Editorial

Editorial: Let’s avoid another financial scam

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Editorial

The Bank of Ghana (BoG) has warned the public about the impending launch of a cryptocurrency investment scheme named “SIDICOIN” in Ghana.

The Central Bank says neither the cryptocurrency investment scheme nor its promoters have any approval from the Bank of Ghana to operate in the banking and payment services sector.

The Bank of Ghana also underscores the fact that cryptocurrency investment schemes like the “SIDICOIN” are not regulated under any law in Ghana.

The Chronicle is glad that the Central Bank has issued this new notice, which is advising the general public to exercise caution with regards to trading in cryptocurrencies and other unregulated investment schemes.

We would like to reiterate the call by the BoG on all regulated institutions, including banks, specialised deposit-taking institutions, dedicated electronic money issuers, and payment service providers to desist from facilitating cryptocurrency transactions and unlicensed investment schemes through their platforms or agent outlets.

We have taken this position because Ghana’s financial sector has experienced a lot of Ponzi schemes and revocation of licences of insolvent savings and loans companies, finance house companies, microfinance and banking institutions between 2015 and 2019.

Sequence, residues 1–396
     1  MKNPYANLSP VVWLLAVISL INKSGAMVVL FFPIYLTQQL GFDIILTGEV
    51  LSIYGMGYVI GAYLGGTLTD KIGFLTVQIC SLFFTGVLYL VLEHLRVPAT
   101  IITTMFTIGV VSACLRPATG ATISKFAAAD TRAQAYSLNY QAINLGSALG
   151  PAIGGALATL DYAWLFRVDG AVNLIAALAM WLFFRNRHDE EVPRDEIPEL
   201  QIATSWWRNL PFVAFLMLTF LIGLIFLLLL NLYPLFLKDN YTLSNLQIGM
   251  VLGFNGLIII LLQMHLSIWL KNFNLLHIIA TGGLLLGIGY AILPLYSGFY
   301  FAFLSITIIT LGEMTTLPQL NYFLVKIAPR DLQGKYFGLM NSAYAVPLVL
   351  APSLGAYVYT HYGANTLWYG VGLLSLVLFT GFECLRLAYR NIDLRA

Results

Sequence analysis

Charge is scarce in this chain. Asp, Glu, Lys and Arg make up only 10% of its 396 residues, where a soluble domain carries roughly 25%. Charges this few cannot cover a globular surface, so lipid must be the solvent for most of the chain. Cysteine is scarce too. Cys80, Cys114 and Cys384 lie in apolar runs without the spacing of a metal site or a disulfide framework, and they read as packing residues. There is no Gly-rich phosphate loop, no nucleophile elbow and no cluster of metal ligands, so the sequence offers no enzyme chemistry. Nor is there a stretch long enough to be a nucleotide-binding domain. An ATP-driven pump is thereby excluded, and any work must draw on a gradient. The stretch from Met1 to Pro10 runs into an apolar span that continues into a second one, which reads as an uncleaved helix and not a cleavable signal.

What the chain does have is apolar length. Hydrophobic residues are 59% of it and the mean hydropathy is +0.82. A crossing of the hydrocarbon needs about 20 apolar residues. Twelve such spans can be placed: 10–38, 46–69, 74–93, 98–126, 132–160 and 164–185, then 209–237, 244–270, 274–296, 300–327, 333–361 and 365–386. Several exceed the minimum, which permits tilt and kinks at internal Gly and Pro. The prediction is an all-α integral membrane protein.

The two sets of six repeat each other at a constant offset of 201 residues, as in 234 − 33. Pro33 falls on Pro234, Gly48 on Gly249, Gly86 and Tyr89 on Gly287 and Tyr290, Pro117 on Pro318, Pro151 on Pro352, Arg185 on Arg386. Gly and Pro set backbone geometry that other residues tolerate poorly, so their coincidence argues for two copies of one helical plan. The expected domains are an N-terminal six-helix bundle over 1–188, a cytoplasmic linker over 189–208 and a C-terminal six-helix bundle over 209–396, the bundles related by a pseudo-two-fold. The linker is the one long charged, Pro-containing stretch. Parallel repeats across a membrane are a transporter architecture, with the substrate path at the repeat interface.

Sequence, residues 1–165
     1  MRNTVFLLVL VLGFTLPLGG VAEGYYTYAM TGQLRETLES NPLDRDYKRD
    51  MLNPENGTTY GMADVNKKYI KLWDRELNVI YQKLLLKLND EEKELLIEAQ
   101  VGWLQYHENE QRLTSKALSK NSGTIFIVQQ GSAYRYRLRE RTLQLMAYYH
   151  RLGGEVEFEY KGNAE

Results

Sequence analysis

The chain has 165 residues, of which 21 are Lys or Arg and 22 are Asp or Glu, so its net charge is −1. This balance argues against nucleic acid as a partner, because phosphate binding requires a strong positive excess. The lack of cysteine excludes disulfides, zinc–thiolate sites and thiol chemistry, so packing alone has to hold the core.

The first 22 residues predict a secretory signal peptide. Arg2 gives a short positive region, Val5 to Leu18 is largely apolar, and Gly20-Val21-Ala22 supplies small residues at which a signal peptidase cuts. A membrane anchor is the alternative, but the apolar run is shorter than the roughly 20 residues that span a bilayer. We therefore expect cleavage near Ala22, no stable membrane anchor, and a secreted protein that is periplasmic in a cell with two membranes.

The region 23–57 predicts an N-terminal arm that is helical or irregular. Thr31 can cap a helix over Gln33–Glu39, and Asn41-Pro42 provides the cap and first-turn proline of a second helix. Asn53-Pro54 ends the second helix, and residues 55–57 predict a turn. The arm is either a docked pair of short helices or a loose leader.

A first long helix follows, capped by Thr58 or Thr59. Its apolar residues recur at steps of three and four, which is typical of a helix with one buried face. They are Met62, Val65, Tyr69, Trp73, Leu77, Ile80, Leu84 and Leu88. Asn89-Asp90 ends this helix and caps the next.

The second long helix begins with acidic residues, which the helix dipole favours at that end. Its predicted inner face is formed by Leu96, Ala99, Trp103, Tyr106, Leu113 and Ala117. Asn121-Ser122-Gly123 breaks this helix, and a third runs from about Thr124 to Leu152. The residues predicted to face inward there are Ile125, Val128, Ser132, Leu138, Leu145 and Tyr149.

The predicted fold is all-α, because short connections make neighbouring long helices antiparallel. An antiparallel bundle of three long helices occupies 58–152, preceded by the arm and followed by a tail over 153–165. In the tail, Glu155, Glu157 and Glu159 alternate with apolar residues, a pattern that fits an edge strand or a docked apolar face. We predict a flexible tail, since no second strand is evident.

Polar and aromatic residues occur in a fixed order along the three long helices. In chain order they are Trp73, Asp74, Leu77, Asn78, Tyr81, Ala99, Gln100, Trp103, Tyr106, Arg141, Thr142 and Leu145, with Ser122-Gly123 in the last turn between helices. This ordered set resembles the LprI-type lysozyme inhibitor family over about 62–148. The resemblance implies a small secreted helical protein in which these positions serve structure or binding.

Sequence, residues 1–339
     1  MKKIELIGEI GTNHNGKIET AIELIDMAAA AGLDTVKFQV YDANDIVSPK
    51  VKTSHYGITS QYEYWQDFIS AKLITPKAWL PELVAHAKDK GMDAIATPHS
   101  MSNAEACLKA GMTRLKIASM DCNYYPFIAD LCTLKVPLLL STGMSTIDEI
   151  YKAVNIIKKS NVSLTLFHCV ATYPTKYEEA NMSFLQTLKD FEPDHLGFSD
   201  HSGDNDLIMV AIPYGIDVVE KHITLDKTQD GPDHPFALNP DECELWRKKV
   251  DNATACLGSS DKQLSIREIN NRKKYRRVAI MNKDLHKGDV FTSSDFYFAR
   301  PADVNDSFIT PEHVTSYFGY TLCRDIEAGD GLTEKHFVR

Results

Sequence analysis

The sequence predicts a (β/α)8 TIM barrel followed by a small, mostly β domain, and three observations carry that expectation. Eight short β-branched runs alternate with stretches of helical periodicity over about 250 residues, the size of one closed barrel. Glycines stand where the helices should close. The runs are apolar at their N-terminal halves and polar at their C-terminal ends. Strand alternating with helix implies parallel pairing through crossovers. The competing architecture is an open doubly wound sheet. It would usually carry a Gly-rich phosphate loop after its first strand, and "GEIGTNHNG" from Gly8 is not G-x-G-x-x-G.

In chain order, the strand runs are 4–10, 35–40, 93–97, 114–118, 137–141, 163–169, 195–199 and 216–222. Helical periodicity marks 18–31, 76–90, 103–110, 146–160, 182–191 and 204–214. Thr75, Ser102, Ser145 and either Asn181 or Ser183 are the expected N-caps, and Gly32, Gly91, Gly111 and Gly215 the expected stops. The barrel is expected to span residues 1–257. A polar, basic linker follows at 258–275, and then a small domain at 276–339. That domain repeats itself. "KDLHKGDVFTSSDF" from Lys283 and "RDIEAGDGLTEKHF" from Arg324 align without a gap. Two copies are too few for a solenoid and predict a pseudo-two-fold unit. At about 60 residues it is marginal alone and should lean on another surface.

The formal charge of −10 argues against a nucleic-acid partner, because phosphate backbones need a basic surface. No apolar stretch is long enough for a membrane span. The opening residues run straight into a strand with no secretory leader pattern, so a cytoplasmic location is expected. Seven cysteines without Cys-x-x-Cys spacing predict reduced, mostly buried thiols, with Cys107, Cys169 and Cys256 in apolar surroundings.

The Chronicle recalls that in 2015, DKM Diamond Microfinance Company Limited, Little Drops Financial Services, God is Love Fun Club, Jaster Motors and Investment Limited and Care for Humanity Fun Club, which were located in most parts of the Bono, Bono East, Upper West and Upper East regions of Ghana were involved in Ponzi schemes.

We would like to remind the public that Ponzi schemes are fraudulent investments opportunities that promise high rates of returns with low risks to investors, but fail in the long run.

It is on record that these institutions create investment instruments with high interest returns over a short period of time to attract the unsuspecting public.

Again, these institutions offer interest rates higher than the base rate per annum offered by government securities, which are risk-free.

The Chronicle has observed over the years that these financial services users are normally interested in allowing their assets to work for them, rather than working with their assets which is dangerous.

It is against this background that The Chronicle would like to call on the general public to heed the advice of the Central Bank, and desist from patronising schemes such as SIDICOIN, Freedom Coin and a money-doubling scheme operating in Ghana under the name “BitCash Currency Exchange.”

THE CHRONICLE

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